Sofie Ruysschaert

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ETHNOPHARMACOLOGICAL RELEVANCE Young children are vulnerable to a range of illnesses and evil forces. Ethnobotanical folk remedies often play a major role in combating these afflictions. Here we show that plant use is highly valued and practiced within the Saramaccan Maroon Society in Suriname to maintain the general health and well-being of children. AIM(More)
Folk perceptions of health and illness include cultural bound syndromes (CBS), ailments generally confined to certain cultural groups or geographic regions and often treated with medicinal plants. Our aim was to compare definitions and plant use for CBS regarding child health in the context of the largest migration in recent human history: the(More)
BACKGROUND In savannah-dominated Bénin, West Africa, and forest-dominated Gabon, Central Africa, plants are a major source of healthcare for women and children. Due to this high demand and the reliance on wild populations as sources for medicinal plants, overharvesting of African medicinal plants is a common concern. Few studies in Western Africa, however,(More)
How did the forced migration of nearly 11 million enslaved Africans to the Americas influence their knowledge of plants? Vernacular plant names give insight into the process of species recognition, acquisition of new knowledge, and replacement of African species with American ones. This study traces the origin of 2,350 Afro-Surinamese (Sranantongo and(More)
ETHNOPHARMACOLOGICAL RELEVANCE Dry sex refers to the use of plants to dry and contract the vagina, a popular practice in Africa that damages vaginal tissue and facilitates the spread of sexually transmitted diseases. Here we show that dry-sex practices are not limited to Africa. Afro-Surinamese women frequently use genital steam baths that contain drying(More)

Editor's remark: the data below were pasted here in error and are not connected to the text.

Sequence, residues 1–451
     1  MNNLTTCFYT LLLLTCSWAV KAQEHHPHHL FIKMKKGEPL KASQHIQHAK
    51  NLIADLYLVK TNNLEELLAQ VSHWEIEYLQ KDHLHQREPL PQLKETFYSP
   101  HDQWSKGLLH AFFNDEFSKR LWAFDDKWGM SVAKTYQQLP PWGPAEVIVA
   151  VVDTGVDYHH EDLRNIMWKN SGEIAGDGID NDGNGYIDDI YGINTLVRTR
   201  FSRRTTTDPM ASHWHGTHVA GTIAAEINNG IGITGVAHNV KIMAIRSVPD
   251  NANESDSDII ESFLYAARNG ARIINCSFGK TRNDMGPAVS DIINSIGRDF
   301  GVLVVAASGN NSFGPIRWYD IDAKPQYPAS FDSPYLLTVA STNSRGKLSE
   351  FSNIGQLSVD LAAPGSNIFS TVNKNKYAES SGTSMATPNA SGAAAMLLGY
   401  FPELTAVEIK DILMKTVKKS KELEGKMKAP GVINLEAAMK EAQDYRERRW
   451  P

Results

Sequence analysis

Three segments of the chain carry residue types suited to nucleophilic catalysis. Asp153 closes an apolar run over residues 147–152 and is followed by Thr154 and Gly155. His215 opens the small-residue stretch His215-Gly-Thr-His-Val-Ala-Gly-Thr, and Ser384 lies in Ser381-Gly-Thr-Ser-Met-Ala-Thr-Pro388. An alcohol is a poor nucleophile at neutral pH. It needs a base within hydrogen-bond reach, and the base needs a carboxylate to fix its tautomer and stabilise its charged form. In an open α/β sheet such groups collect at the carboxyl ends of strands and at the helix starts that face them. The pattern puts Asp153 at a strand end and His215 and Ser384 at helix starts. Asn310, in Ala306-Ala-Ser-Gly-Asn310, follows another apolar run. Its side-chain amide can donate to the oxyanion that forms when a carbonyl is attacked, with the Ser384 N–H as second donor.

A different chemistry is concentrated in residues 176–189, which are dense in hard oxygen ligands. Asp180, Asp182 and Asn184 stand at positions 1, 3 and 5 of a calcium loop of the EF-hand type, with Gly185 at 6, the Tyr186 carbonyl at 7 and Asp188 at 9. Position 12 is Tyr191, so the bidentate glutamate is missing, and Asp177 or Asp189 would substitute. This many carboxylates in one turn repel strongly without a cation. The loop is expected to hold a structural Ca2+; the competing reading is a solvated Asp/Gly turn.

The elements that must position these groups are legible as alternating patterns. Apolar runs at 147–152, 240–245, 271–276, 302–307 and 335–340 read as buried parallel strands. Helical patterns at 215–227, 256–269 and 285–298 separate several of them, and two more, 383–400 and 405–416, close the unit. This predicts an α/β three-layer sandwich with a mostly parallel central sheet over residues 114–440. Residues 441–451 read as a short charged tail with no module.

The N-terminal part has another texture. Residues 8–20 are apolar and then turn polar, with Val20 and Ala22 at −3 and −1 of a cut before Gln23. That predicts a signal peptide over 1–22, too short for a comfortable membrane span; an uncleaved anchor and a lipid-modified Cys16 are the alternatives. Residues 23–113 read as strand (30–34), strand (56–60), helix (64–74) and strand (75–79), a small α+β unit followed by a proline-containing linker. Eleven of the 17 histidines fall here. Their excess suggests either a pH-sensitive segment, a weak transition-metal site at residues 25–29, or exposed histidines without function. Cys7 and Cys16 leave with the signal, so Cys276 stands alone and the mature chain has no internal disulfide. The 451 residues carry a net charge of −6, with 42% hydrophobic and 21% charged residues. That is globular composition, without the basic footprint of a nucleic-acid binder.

BACKGROUND Magical charm plants to ensure good luck in hunting, fishing, agriculture, love and warfare are known among many Amerindians groups in the Guianas. Documented by anthropologists as social and political markers and exchangeable commodities, these charms have received little attention by ethnobotanists, as they are surrounded by secrecy and are(More)
There is growing evidence that species are able to coexist in communities through niche separation, and that consistent community structuring can take place at the biogeographical scale, as the same biotic interactions can determine species’ fate at large scales. In this study, we document niche differentiation at a larger scale within a specific plant(More)
ETHNOPHARMACOLOGICAL RELEVANCE Enslaved Africans in the Americas had to reinvent their medicinal flora in an unknown environment by adhering to plants that came with them, learning from Amerindians and Europeans, using their Old World knowledge and trial and error to find substitutes for their homeland herbs. This process has left few written records, and(More)
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